Economics Blog

Finance Blogs » Economics Blog » How you can profit from the Brexit drama

How you can profit from the Brexit drama

By Mark Hamrick · Bankrate.com
Monday, June 27, 2016
Posted: 6 am ET
Mary Turner/Stringer/Getty Images

Mary Turner/Stringer/Getty Images

Independence Day fireworks went off a little bit early and came from the most unlikely of sources: The United Kingdom.

Defying prognosticators and the establishment, U.K. voters effectively said "enough already" to a decades-long march of globalization. In a sense, those voices are similar to many of those who have shouted support for Donald Trump and Bernie Sanders.

Financial opportunities amid the Brexit drama

In good times and bad, there are always moneymaking opportunities for consumers, borrowers, investors and savers. I've seen it time and time again, including in October 1987 when the Dow Jones industrial average fell 23% in a single session. People waded in during the following session and made money. They were rewarded for going against the grain. Amid the grim decline in housing prices in recent years, plenty of investors bought houses at fire-sale prices -- and profited.

So how could the Brexit drama help us financially? The flight to quality -- when investors move their money from higher-risk investments to safer ones -- has given a lift to the bond market, where prices go higher and yields go lower. If current low mortgage rates hold, it could help ignite a boom in mortgage refinancing.

"While the specifics will take months at a minimum to understand, an EU recession has likely been triggered."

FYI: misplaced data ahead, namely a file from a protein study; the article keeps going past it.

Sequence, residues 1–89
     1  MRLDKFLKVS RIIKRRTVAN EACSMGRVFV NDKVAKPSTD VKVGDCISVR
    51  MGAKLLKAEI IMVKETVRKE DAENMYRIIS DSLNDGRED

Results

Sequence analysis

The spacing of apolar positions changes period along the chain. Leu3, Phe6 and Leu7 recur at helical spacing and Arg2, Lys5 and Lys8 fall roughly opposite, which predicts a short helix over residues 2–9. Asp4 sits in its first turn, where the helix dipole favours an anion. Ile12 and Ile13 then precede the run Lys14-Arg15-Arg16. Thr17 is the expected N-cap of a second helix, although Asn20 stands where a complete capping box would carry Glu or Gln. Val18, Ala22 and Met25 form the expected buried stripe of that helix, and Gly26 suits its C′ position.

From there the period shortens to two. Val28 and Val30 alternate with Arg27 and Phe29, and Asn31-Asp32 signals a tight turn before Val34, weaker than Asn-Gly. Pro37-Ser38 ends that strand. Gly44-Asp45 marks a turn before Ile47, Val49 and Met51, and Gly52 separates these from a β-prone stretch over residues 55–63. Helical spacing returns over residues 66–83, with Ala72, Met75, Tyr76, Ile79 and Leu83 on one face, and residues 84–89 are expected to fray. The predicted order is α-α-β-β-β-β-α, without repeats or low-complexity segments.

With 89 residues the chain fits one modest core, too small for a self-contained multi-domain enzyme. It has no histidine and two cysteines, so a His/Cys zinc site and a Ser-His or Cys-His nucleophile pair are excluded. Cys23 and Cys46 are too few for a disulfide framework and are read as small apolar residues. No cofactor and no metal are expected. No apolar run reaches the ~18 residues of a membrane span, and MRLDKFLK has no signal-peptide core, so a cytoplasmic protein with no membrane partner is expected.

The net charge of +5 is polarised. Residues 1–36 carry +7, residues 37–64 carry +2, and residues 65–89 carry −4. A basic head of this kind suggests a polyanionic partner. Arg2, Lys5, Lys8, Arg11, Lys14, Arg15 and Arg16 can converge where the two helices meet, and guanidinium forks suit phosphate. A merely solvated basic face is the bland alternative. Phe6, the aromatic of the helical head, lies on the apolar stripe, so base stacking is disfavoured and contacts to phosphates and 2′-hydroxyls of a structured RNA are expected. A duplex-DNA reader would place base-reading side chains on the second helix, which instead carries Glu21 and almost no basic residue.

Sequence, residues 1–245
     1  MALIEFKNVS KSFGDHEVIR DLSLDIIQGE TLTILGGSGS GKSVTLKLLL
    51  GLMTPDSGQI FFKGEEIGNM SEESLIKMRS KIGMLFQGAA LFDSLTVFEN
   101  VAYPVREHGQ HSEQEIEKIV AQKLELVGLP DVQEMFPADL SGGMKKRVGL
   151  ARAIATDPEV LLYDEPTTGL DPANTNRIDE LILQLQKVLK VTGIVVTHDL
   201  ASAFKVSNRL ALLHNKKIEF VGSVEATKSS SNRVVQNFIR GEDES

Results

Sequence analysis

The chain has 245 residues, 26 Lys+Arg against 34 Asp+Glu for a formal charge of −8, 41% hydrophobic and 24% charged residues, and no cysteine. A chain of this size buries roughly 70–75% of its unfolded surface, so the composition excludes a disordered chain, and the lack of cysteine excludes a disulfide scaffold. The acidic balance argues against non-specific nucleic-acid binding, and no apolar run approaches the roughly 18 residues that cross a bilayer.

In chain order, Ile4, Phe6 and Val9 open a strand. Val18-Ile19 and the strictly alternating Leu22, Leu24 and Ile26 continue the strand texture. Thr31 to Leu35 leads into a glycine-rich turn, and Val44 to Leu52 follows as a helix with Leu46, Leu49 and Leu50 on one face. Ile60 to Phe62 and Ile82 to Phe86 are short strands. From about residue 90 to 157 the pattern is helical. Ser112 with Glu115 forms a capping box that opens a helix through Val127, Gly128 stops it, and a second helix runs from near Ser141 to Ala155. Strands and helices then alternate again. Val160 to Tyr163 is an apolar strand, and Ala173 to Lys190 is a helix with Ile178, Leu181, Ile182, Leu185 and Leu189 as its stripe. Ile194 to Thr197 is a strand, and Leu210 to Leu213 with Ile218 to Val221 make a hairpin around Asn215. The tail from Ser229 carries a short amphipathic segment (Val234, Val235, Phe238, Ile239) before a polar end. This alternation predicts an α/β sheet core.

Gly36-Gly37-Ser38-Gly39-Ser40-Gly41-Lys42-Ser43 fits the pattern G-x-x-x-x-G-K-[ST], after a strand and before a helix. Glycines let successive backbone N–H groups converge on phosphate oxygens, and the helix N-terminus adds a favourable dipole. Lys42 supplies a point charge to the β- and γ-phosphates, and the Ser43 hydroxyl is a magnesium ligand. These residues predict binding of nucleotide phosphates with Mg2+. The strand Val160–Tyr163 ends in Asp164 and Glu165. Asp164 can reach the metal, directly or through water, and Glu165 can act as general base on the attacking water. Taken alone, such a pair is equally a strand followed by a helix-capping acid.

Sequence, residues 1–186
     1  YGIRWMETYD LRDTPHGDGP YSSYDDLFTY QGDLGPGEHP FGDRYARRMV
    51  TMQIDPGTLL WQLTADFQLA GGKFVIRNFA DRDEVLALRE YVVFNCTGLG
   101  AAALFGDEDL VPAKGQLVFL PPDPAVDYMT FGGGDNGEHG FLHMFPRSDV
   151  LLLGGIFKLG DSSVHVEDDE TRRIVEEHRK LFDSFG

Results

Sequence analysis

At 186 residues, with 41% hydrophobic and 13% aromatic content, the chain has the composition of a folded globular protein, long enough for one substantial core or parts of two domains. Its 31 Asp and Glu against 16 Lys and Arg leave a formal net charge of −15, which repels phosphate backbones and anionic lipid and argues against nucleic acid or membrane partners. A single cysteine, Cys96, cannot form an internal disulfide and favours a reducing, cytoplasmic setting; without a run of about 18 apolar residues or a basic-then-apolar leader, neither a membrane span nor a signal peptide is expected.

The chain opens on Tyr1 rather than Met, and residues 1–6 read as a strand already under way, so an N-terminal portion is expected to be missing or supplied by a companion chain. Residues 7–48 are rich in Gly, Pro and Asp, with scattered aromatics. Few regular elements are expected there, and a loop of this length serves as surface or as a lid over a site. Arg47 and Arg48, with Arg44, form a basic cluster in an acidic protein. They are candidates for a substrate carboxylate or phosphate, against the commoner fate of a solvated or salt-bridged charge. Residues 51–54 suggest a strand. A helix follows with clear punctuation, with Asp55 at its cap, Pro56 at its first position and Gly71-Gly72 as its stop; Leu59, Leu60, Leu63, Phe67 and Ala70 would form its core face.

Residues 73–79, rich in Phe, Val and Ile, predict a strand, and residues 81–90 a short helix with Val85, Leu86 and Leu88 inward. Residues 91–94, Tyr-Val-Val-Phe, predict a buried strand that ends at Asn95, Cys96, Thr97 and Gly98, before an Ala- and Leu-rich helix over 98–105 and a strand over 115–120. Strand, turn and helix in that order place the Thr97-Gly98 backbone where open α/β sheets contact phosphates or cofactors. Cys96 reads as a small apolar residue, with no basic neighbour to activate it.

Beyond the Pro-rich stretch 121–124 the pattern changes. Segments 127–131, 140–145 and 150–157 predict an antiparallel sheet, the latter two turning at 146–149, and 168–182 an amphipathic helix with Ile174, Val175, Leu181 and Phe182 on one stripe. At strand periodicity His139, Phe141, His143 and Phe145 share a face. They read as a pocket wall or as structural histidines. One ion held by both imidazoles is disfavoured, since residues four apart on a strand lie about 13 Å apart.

With the global outlook for the economy seen at risk, oil prices should remain lower, helping drivers continue to save at the gas pump. Gold typically benefits when fear is running higher and that was certainly in play during the downdraft in stocks.

With the strength of the dollar and weakness in the British pound, travel to the U.K. could become cheaper, which provides a terrific opportunity for American tourists wielding dollars.

Finally, with every downturn comes a turn in stocks. It's too early to make that call after the recent pullback, but wise investors always step in when others are fearful and selling. Anyone who bought stocks in March 2009 did so when the key averages bottomed out. That set them up for the strong rally, which continued through the closing high for the market in May 2015.

S&P 500 hops off the gain train

If you had high hopes for the stock market this year, you've been fully disappointed, especially after the sudden downdraft on Friday. The big ups and downs and have returned the benchmark S&P 500 index to where it began the year. It reminds me of the 1970s hit song recorded by the British singer Maxine Nightingale, "Right Back Where We Started From."

Year-to-date through Friday, the S&P 500 was slightly negative but essentially unchanged from where it began on the first trading session of the year. That's even after Friday's 3.6% drop.

As he reacted to the Brexit vote, which he called "shocking," Michael K. Farr, president & CEO with the Washington, D.C.-based investment firm Farr, Miller & Washington, wrote in an email: "While the specifics will take months at a minimum to understand, an EU recession has likely been triggered. The U.S. Fed is now on the bench -- if not considering ways to add additional stimulus."

What to watch for this week

The first half of the year comes to a close in the coming days. We're transitioning into 2016's closing act, which will no doubt provide more drama. If there's been one sure bet on the global economy over the past 5 years, it's been that growth expectations are consistently downgraded. That string of disappointments will certainly end some time, but the Brexit vote has helped keep uncertainty in play.

With the European Union referendum behind, the November presidential election adds an American brand of uncertainty to the economic outlook.

This week, we'll get updates on:

  • Personal incomes and spending.
  • Revised U.S. growth (GDP) for the first 3 months of the year.
  • June manufacturing activity.
  • Monthly auto sales.